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Army’s Living Legend Wades Into Public Life Post-retirement But Turns Down Offers To Contest UP Elections

Hero of Tiger Hill Yogendra Yadav is wary of partisan politics but open to a Rajya Sabha nomination as he seeks ‘nation building role’

Photo Credit : Indian Army

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Honorary Captain Yogendra Yadav at a farewell function on December 31, 2021

One of India’s greatest living military heroes, Honorary Captain Yogendra Singh Yadav - the hero of Tiger Hill - is cautiously wading into public life after his retirement last month from a glorious military career.  

He is one among the only three awardees of the nation’s highest wartime gallantry award, the Param Vir Chakra (PVC), who are still alive. His heroics as a 19-year-old in the battle for Tiger Hill is the stuff of military folklore.

“This is a second life, post-retirement. I want to dedicate it to nation building,” Captain Yadav told BW Businessworld in his first media interview after retirement on December 31. He believes that his new role - and his “second life” - can be enabled by a Government position.

But in seeking this new role, he wants, as of now, to keep away from rough and tumble of political contest. The bravest of the brave realises that stepping on to a political minefield can be trickier than climbing an icy, 1,000-foot cliff face at Kargil in the face of machine gun fire from an enemy entrenched in bunkers on the heights.  

Yadav, a native of village Aurangabad Ahir in Bulandshahr district of poll-bound Uttar Pradesh, has spurned competitive political offers. “I was approached by the Samajwadi Party and the Bhartiya Janata Party to join and contest elections,” he revealed to this reporter.  

But the military hero seeks higher ground for post-retirement public service and wants to steer clear of electoral politics. “I will not contest elections. Partisan politics is deeply divisive. National heroes should be kept away from partisanship,” says the 41-year-old, as he steps out of the high ground of military Cantonments.  

Even though he has definite political views, Captain Yadav is deeply aware of his status as a national hero and has a well-articulated reason for steering clear of competitive politics. “A Param Vir Chakra awardee belongs to the entire Nation. He is the Nation’s pride. He cannot belong to a political party. He needs a special place,” he reasons, aware of the pedestal the PVC gives him.  

But I’m open to a Rajya Sabha nomination, or appointment as a chairman of a Government body. Such platforms are a force multiplier in public service,” he says. “A national hero like a PVC awardee should not be elected but selected,” he suggests.  

At age 19, Grenadier Yogendra Singh Yadav of 18 Grenadiers battalion was the youngest PVC awardee. His role in the recapture of Tiger Hill, a turning point in the 1999 Kargil War, turned him into a living legend. He regards his 21-years of military service after the Kargil War as a glorious chapter in his life.  

His wariness of stepping into the political minefield does not hold him back from expressing political approval of Prime Minister Narendra Modi. “I regard him as a rashtra bhakta (nationalist),” he says approvingly, recalling with nostalgia his meeting with Modi when the latter was Chief Minister of Gujarat.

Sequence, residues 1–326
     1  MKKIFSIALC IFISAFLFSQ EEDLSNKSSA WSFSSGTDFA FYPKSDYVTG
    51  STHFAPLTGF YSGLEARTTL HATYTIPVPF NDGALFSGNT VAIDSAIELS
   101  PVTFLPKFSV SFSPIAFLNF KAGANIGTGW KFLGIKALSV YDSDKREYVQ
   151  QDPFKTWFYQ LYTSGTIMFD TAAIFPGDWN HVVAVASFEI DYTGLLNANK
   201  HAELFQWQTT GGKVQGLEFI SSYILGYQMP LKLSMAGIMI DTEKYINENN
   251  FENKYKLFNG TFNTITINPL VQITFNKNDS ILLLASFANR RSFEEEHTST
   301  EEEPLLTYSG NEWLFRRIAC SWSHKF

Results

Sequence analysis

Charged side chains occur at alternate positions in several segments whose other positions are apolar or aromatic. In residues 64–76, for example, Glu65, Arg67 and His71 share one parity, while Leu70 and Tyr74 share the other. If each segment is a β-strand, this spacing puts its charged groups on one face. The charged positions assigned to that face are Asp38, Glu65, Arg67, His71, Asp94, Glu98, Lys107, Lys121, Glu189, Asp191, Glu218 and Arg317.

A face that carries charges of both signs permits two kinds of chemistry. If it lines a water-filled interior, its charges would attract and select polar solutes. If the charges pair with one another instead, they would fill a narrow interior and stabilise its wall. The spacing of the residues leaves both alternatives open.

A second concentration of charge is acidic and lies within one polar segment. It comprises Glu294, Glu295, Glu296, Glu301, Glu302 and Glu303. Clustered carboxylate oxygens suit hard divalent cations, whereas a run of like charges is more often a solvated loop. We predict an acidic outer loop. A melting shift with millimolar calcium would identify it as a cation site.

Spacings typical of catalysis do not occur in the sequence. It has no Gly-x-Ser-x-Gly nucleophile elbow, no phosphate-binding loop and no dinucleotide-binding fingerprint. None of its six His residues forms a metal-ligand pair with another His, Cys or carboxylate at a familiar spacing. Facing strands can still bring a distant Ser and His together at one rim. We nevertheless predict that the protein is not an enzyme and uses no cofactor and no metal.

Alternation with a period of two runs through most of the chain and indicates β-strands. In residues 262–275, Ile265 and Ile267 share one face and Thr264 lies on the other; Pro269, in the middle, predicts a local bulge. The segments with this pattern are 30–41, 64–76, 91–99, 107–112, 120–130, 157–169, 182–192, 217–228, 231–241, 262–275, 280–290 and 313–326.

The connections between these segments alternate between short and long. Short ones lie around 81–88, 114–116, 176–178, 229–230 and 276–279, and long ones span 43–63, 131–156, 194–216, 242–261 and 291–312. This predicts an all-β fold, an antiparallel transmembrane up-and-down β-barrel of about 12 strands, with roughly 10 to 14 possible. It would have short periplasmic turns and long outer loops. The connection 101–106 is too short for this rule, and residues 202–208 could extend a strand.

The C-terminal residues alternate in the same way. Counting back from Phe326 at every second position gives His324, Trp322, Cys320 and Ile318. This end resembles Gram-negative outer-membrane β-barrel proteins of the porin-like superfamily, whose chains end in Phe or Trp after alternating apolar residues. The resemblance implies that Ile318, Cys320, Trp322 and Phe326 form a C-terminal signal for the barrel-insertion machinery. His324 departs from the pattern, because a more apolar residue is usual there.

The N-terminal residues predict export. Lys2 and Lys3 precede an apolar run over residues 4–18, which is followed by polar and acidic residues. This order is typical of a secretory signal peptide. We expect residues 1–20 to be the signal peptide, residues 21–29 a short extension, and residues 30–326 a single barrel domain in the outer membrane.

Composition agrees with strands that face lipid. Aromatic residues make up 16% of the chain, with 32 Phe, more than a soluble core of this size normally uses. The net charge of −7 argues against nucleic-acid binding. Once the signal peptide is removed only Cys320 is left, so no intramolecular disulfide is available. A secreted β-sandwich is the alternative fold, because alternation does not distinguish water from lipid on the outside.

Captain Yadav’s views on contemporary political issues involving the military are an endorsement of the Modi Government’s position.  

“The merger of the Amar Jawan Jyoti with the eternal flame at the National War Memorial has made it brighter,” he says. “Netaji Subhash Chandra Bose is India’s first and foremost Sena Nayak (military leader) and a national inspiration,” he adds.  

Captain Yadav sees punitive cross-border military strikes at Balakote and Uri as “the new responses of a changing nation”. He dismisses political criticism of these military initiatives and believes that India is well poised in the face of the challenge from China. “There are (political) differences but trust your forces. The josh is high. Whenever there is a threat, the Nation is with the soldier. It is the Nation’s Army and not a party’s,” he says.  

For a living military legend, Captain Yadav’s retirement from the Army was surprisingly low-key. He bid farewell to arms at Bareilly, where he was posted as an instructor at the Army’s junior leaders school. But he was back in uniform at the Republic Day Parade, and is aware that his association with the military is for all times.  

While he’s lived the life of a hero in the Army which kept him on a pedestal, there’s one issue which rankles: That he was not made an officer in an organisation where hierarchy counts for a lot. His rank of Captain is an honorary one, and he retired as a Subedar Major.  

“Because of injuries sustained in the Kargil War (he survived 12 bullet wounds and  impossible odds), I was not deemed medically and physically fit to be an officer,” the PVC awardee says with a tinge of regret. “I did BA and BEd and two Army courses after the Kargil War,” he recounts, suggesting that he did earn the educational qualifications to be an officer.  

“My suggestion is to make war heroes and outstanding achievers officers. Subedar Neeraj Chopra should be made an officer after winning an Olympic Gold Medal. State Governments appoint outstanding achievers like him Deputy Superintendent if Police or a Class I Government officer. Why should this not be done in the Army? This will benefit the Army,” he says.  

But this is the only life Captain Yogendra Yadav has known. Before him, his father Karan Singh served in the Army’s Kumaon Regiment. And his 16-year-old son Vishant is now preparing to compete for a place at the National Defence Academy (NDA) to a serve as an officer and chase military glory.